12. April 2, 2012 4:17 pm

    you contradicted yourself about mixing yogurt and veggies by posting that salad dressing recipe, it’s my favorite base for creamy salad dressings as well. ;) when feeling lazy i just add ranch seasoning, and mix well. i have been on a little vacation from making my own yogurt, since my raw goat milk source dried up over the winter. any day now i’ll be back on the wagon. although store bought milk would have worked fine, i have just been buying nancy’s, as i’d rather support them than the huge national mega organic milk companies. nancys may be mega now but they’re still local to me. anyhoo… i make it in little glass jars in a “yogurt maker” because i was given one and it was a nice gift. it keeps it just the right temp. but i’d like to get the yogurt-therm from ricki the cheese queen and use that so i’m not using electricity. i have incubators at my work (lab) that i’ve debated using, but since i work around chemicals i’ve decided against that. ;) and really, i’m with you, between the yogurt and the razors i’m not buying, i feel like a millionaire. oh, and i do the thing you said where i don’t pasteurize my raw goat milk, i just heat to 112 and it comes out nice and thick. if it didn’t, i would add some diluted rennet. just in case that helps anyone out there, with either the raw factor or the goat factor. oh and one more thing, i like the yogurt cups for plant starts. as a way to reuse… i actually am creating a negative footprint, by collecting them from people at work for my starts since i don’t buy yogurt in the little cups (nancy’s comes in big tubs that are way easy to reuse for leftovers). also there is a company who recycles them into toothbrushes, i think they’re called preserve. so you can ship them off to the toothbrush people if you can’t think of a better way to use them. :)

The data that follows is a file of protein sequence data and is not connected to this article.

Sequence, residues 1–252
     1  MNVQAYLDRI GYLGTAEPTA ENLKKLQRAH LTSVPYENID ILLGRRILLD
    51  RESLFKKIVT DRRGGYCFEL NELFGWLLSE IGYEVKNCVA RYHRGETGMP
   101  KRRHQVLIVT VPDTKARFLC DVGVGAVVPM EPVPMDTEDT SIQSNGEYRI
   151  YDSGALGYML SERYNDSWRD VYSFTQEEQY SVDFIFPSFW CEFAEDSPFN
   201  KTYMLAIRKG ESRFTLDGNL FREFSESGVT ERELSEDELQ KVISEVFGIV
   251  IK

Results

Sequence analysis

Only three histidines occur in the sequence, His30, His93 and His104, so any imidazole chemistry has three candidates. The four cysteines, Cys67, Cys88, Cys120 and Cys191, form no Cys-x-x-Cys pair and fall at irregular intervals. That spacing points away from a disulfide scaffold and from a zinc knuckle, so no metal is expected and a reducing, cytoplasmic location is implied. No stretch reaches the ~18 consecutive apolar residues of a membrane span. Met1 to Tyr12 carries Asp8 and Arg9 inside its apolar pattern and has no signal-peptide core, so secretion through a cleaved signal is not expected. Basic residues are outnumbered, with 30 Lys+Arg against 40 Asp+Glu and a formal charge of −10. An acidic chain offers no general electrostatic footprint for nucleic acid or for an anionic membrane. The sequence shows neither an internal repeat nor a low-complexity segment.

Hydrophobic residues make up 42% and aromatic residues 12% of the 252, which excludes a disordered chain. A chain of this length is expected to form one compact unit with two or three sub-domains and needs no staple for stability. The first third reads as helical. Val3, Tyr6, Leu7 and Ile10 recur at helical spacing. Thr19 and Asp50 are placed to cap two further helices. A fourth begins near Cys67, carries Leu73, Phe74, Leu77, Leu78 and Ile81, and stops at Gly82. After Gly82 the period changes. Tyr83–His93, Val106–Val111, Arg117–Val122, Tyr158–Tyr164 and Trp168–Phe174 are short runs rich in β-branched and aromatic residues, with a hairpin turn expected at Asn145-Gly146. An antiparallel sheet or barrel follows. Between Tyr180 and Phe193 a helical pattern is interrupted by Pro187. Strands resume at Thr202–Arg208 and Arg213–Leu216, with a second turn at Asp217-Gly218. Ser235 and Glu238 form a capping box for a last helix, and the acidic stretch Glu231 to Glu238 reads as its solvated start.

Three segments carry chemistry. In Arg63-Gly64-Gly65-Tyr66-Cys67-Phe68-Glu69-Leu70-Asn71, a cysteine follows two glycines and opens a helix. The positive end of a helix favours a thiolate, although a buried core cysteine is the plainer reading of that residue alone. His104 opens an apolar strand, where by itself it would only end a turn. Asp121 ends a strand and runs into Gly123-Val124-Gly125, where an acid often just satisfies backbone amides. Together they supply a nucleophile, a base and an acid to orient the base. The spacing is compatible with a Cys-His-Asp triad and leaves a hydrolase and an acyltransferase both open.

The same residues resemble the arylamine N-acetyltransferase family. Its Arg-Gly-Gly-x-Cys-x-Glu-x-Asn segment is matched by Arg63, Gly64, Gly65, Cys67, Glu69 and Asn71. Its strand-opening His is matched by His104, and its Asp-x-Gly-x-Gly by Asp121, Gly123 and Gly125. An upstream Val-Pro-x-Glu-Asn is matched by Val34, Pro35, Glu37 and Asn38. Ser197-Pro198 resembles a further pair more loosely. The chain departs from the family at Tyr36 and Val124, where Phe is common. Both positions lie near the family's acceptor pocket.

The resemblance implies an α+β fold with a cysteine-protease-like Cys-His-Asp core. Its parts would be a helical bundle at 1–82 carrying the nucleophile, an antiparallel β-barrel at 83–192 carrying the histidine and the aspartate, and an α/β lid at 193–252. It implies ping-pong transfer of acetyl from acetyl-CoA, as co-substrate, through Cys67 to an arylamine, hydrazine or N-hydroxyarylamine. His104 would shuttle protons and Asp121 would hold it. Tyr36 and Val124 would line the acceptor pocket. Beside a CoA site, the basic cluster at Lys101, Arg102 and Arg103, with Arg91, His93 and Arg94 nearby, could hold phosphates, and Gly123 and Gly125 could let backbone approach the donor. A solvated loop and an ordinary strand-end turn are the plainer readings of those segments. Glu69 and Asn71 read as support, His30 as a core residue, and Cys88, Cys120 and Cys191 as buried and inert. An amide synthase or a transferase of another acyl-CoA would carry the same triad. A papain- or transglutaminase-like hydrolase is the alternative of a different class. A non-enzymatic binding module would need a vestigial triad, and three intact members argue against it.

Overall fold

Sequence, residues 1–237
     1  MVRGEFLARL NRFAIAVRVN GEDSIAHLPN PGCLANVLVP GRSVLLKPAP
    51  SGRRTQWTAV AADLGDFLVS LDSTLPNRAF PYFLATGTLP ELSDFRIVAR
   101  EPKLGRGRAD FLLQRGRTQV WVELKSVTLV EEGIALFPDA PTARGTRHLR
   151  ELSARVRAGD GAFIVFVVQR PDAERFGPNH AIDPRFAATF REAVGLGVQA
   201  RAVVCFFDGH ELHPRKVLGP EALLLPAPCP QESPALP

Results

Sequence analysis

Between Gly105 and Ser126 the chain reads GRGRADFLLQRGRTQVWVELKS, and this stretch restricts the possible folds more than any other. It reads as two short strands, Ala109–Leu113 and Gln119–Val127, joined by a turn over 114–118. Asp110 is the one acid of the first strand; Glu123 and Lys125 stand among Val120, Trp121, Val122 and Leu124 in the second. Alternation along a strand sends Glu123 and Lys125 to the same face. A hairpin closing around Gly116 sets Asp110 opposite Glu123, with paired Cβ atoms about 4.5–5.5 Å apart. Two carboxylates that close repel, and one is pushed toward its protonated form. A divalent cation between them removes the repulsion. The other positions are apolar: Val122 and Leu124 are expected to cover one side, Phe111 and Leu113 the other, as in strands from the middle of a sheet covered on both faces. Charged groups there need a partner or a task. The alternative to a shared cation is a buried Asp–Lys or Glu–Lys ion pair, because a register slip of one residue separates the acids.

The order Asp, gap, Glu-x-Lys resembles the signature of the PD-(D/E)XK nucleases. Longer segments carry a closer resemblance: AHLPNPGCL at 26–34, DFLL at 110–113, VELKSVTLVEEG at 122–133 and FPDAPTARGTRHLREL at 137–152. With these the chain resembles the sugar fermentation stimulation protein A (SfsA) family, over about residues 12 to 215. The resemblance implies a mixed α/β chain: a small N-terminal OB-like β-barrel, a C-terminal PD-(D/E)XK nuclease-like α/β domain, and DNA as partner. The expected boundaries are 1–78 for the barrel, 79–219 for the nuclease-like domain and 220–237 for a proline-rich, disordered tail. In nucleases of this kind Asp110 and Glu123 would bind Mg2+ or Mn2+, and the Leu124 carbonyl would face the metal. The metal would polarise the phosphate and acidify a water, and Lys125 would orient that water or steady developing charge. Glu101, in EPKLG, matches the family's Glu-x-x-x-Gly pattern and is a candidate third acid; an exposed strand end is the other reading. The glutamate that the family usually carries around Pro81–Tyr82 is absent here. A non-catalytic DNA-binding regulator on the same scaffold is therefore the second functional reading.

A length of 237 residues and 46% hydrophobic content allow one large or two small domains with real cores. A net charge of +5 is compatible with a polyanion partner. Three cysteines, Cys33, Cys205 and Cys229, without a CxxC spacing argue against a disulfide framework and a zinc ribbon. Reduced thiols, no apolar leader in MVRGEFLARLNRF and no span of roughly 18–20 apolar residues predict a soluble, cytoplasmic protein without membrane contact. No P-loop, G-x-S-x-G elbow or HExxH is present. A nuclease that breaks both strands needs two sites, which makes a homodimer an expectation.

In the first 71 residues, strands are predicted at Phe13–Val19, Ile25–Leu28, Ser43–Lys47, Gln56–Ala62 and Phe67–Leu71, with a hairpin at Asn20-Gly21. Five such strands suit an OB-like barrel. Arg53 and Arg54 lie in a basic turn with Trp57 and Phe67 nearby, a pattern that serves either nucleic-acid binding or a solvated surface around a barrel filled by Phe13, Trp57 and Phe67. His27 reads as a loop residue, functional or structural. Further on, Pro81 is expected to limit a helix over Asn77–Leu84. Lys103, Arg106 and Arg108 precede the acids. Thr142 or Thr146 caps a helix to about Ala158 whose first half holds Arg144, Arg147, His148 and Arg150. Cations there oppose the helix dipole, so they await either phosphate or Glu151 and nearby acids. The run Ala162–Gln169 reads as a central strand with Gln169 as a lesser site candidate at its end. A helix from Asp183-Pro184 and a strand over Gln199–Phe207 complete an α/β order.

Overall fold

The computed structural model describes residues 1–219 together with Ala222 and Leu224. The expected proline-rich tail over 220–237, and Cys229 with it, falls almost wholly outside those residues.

13. Melissa permalink
    April 2, 2012 11:18 pm

    okay, i have no more excuses as I have been talking about doing this for awhile–except that i still need a food thermometer!

    i ran the idea by Avi tonight (he of the stonyfields yokids indivdual packs in his lunch daily, there, i confess!) and he was into it. of course his bffs have their own mom-made yogurt! he claims it is a strange color with seeds in it–blackberry? i’ll have to check with their mom but at least the boy will also have kale in his lunch tomorrow. his nutrition is on my mind bc he eats an ass-load of pasta and not much else these days.

    this is my long way of saying thanks for the tutorial! and that if my bedtime snack were homemade yogurt instead of ben n jerry’s, I’d be better off, too!

  14. April 3, 2012 9:04 pm

    Rach, can i just have some of yours?

    • Rachel Turiel permalink*
      April 5, 2012 7:31 pm

      hells yeah. I owe you at least 10 gallons for all you do for me.

  15. Ken permalink
    April 4, 2012 12:16 pm

    Rachel –
    I make 2 gallons at a time, one gallon whole milk, one skim milk minus 8 ounces (to leave room for the starter yogurt added later). CAREFULLY bring that to a boil which at my elevation is just over 190 degrees and immediately remove from the burner BEFORE it boils over. This seems to kill off the bad bacteria that cause runny yogurt. Put the pot in a sink of cold water and cool to 120 to 130 degrees before pulling it out.